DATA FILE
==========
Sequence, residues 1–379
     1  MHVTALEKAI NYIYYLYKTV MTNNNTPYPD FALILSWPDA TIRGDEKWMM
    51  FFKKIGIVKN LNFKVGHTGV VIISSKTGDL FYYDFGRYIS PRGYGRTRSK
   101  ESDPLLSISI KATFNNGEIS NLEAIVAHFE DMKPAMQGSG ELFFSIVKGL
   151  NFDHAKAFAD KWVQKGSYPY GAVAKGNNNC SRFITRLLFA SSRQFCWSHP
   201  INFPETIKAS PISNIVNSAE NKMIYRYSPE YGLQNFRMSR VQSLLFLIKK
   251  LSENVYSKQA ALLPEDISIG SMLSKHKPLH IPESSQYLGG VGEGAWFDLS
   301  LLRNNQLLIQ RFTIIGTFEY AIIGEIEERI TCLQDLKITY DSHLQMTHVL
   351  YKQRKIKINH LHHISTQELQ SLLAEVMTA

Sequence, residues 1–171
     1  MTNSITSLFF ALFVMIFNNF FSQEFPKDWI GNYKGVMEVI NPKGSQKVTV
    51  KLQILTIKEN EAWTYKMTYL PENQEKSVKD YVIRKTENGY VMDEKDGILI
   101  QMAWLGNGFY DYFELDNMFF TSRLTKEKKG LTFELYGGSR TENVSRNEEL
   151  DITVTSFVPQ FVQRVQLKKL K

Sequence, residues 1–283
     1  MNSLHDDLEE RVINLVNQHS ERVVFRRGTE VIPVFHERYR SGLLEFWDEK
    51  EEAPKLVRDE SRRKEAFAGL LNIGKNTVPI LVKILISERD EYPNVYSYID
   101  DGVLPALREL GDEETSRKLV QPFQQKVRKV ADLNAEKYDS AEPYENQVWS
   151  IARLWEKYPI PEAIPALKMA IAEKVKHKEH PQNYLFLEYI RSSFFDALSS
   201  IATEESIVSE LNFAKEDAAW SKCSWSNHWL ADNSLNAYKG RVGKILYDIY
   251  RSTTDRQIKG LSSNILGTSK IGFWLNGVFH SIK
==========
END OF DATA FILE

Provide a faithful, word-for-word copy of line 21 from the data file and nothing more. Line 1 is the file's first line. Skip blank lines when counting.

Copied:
   251  RSTTDRQIKG LSSNILGTSK IGFWLNGVFH SIK